4. The system of claim 3, a first subset of items comprises items in the highest order positions in a ranking.
5. The system of claim 2, further comprises a training set modification component that successively prunes each previous training set in part by excluding one or more lowest ranked items from each training set to form a new training set, each new training set comprises a subset of the items from the previous training set.
6. The system of claim 2, the plurality of ranking algorithms are trained in a successive manner using a corresponding training set.
7. The system of claim 1, the multiple nested ranking component employs artificial intelligence to determine the number of items in each subset at each stage.
8. The system of claim 1, further comprises a display component that presents a search result list to the user, the search result list comprising at least a subset of items that have been reordered based upon the ranking determined by multiple nested ranking component.
9. A method that provides improved rankings for items returned for a given query comprising:
employing a processor executing computer executable instructions embodied on a computer readable storage medium to perform the following acts:
retrieving an initial ranked ordered set of items, wherein each item is assigned a relevance value; and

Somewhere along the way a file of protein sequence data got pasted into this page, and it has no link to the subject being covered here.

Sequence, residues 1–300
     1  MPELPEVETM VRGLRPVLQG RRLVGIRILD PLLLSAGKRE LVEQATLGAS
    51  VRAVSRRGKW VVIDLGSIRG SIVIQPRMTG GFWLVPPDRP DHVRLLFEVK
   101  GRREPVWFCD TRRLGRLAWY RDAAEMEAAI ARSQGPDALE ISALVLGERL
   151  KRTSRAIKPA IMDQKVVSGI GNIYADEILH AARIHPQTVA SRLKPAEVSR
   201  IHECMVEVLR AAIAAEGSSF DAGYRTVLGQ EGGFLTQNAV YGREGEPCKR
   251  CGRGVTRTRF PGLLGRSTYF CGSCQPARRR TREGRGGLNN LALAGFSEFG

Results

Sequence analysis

iteratively re-ranking, conducted via at least one trained ranking algorithm, one or more subsets of the set of items, wherein each subset comprises a plurality of ranked items from the previous iteration that are not below a threshold relevance value, the number of items in the subset decreases at each iteration, wherein the threshold relevance value is automatically selected by artificial intelligence based upon the number of items in the set of items, wherein each iteration employs a ranking algorithm that is slower to rank items than a ranking algorithm employed to rank items in a previous iteration; and
wherein the at least one trained ranking algorithm includes a learning algorithm that is given a set of pairs of items [xi,xj] with probability P ij that item xiis to be ranked higher than item xjand a ranking model f, where f(xi)>f(xj) indicates that the ranking model ranks xihigher than xj,
where ranking model output ōij≡f(xi)−(xj).
10. The method of claim 9, wherein the number of iterations of re-ranking is automatically selected based upon an inference scheme.
11. The method of claim 9
, the re-ranking comprises employing one or more modified ranking algorithms that have been trained, the training comprising:
receiving an initial set of training data;
employing the training data to train an initial ranking algorithm;
employing the initial ranking algorithm to rank the training data into ranked training data;
iteratively training the one or more modified ranking algorithms, comprising:
selecting a subset of the ranked training data that have a highest ranking to train a modified ranking algorithm, wherein the subset comprises a number of items that is less than the entire set of ranked training data;
training the modified ranking algorithm using the subset of ranked training data;
employing the modified ranking algorithm to rank the subset of training data into ranked training data.
12. The method of claim 11, determining the number of modified ranking algorithms based upon user preference or artificial intelligence.